A few Hub members are leading the creation of the Hub Communications Lab, a place Hub members can come to work through marketing and communications needs. It’s a virtual and a real place to ask questions, gain insights and work through solutions with Hub members who have professional experience in the communications field.
Here’s our first post in what we intend to make an ongoing series. The idea is that you have questions about marketing and communications, and we have access to answers. Submit your questions to email@example.com and then watch this space. And if you need more info, let us know and maybe we’ll put together a workshop if there’s enough interest!
We are just getting started; how do we establish a brand platform?
Brand building is something that happens over time and is much more than your communications materials. A brand is what gets people excited about what you’re doing. Brand elements (name, logo, tagline, etc) are tools for communication. The important work starts before these and can be started – with some discipline – immediately and without expenditure.
As an entrepreneur, the most important thing you can do to ground your brand is to have a clear vision of what you stand for – your values, your vision, and the parameters in which your company will operate– both written down and in a place that staff (or future) staff can connect with.
Vision: Ask yourself, why did you start this business? What do you envision it to look like in 5 years? Get very very specific. Will you have your own building? Will you join forces with another business or organization? How many products or services will you have? How many employees will you have? What kind of people are they? What will your office culture be like? Personality traits, vibe, etc. are important here. What kinds of clients or customers will you have? What is their situation or need? How will your business be conducted (on the web, via other company web sites, via distribution at national retailers?). Write this down.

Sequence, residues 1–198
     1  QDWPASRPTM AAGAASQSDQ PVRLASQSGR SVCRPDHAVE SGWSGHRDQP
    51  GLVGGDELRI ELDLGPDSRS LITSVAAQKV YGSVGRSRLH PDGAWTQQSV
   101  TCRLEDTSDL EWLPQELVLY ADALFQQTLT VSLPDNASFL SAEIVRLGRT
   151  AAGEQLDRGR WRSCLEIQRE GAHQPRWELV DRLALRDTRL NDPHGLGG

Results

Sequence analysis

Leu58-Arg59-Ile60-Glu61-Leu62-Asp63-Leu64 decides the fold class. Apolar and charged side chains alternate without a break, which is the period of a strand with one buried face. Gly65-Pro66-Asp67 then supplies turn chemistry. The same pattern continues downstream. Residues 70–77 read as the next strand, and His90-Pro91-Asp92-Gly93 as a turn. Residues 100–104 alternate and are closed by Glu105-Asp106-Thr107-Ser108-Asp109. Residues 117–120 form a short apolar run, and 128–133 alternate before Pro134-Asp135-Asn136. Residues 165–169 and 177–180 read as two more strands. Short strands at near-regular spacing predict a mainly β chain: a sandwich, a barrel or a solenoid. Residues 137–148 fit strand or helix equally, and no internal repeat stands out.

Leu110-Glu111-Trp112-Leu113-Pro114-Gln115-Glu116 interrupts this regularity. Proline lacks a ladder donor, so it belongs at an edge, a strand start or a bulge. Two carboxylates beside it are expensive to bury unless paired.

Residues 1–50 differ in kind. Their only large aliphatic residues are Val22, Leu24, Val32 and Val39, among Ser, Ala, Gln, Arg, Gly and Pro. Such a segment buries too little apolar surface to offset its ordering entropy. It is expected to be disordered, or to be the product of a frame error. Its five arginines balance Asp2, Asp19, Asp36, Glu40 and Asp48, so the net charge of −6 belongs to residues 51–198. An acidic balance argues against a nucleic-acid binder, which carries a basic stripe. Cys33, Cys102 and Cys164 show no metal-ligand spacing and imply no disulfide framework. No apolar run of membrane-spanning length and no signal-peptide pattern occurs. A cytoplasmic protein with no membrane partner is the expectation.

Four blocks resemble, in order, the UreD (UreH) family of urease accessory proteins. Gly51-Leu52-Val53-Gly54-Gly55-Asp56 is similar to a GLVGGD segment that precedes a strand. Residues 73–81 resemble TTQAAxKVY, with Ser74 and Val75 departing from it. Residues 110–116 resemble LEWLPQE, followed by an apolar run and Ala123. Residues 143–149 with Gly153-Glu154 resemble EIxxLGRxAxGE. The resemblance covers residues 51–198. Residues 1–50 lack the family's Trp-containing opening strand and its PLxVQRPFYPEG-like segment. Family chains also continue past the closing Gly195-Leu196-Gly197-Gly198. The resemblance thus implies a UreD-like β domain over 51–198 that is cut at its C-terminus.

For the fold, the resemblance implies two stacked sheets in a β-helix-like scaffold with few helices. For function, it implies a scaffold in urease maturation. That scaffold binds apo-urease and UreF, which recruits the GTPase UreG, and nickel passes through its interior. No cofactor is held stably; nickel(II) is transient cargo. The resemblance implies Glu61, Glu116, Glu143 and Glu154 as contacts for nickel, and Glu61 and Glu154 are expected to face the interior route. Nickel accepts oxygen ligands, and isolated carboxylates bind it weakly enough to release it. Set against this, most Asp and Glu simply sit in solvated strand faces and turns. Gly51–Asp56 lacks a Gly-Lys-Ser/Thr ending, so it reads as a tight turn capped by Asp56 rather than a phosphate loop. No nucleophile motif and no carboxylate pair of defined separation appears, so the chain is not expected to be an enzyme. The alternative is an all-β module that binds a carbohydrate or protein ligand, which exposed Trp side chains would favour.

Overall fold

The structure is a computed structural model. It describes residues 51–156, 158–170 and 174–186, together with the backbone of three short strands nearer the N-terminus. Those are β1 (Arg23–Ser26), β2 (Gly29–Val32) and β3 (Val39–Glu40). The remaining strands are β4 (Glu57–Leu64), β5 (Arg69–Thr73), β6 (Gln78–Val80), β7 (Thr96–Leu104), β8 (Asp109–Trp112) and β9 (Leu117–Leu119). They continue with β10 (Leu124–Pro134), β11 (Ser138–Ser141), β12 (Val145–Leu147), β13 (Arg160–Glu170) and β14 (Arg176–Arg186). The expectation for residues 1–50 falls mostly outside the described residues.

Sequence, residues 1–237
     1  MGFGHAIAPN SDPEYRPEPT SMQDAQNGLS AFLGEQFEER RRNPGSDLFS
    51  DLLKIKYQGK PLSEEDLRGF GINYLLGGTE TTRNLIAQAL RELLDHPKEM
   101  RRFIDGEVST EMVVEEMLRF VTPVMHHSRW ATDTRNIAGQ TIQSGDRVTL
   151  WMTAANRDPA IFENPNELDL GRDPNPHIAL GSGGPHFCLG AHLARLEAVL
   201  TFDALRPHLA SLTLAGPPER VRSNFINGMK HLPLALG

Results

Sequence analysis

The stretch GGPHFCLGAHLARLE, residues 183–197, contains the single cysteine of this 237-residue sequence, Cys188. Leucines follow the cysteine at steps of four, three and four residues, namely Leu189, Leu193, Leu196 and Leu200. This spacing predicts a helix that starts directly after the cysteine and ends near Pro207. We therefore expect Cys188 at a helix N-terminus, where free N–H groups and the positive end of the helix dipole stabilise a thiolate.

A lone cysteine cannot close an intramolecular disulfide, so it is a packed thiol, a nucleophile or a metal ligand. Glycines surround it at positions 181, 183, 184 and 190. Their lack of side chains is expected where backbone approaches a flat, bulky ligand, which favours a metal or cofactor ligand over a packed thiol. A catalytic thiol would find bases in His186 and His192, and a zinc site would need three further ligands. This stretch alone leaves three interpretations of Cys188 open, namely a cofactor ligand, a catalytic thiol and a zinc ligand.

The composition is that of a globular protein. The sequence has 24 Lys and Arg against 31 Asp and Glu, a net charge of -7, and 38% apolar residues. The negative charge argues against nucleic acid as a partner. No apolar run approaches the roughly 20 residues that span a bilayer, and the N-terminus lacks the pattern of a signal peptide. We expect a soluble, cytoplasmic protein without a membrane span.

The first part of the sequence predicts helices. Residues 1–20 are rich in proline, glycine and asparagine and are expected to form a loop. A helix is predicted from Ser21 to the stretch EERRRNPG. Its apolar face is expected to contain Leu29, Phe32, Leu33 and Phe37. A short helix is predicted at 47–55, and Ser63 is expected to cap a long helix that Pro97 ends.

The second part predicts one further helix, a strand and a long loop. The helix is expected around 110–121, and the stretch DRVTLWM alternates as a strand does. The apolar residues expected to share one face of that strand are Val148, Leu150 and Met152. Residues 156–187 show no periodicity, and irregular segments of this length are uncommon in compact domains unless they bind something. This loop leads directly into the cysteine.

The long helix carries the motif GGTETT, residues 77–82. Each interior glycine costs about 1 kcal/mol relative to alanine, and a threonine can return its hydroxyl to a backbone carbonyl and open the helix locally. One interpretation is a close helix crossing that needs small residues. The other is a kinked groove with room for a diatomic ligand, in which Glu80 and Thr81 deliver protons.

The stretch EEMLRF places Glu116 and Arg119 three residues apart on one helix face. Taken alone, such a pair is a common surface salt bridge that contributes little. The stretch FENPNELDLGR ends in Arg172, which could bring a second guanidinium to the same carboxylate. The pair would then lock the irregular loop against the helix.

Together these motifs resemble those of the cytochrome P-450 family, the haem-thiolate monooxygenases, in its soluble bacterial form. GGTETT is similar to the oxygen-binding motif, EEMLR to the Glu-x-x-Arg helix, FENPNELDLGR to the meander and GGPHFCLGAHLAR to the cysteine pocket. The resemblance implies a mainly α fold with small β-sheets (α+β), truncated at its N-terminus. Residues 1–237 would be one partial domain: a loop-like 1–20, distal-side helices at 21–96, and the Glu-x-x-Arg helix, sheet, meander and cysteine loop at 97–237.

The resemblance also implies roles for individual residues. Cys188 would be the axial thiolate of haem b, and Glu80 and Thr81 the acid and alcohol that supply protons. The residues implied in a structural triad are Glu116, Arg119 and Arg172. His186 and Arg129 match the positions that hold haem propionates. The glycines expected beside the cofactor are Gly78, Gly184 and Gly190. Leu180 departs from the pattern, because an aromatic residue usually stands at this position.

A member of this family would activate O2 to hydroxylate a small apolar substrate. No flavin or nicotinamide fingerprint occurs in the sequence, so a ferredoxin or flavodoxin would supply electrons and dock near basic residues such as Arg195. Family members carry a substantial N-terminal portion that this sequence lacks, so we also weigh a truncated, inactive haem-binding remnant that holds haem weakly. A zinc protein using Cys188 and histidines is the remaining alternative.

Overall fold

Values: What do you want to be known for? What would you like your legacy to be? What defines your company’s reason for being? What values do you and your staff possess that will get you there? Write these down in whatever way you can. Gather pictures. Get video. Compile it all and then sit with your key partners (internally) to figure out what feels right, what is unique and what you all have passion for. Keep writing all of this down.
Parameters: What do you know for sure you do NOT want to be. This acts as an important tool for re-visiting your practices and even in helping you understand your purpose. Make a list of things that your business will NOT be (often developed relative to what the competition or others in your industry are doing).
Now take a look at what you have and whittle this down to a few of the key big ideas. This will be hard. But you can’t be all things to all people and positioning your company is the art of sacrifice. One thing that may also help you here is looking outside of your industry at other brands for inspiration. Who do you admire and why? Nike? Richard Branson? The Gates Foundation? These are all brands with traits that you can take cues from. (It’s no accident that strong personalities lead strong, well-known brands).
The bottom line is to stay focused. It will help you look for the best opportunities that “fit” with what you are trying to achieve.
And finally, remember that a brand is a rallying cry. It should excite you and all who are working towards your business goals. Make sure that you develop a brand that feels as exciting as the work you are doing.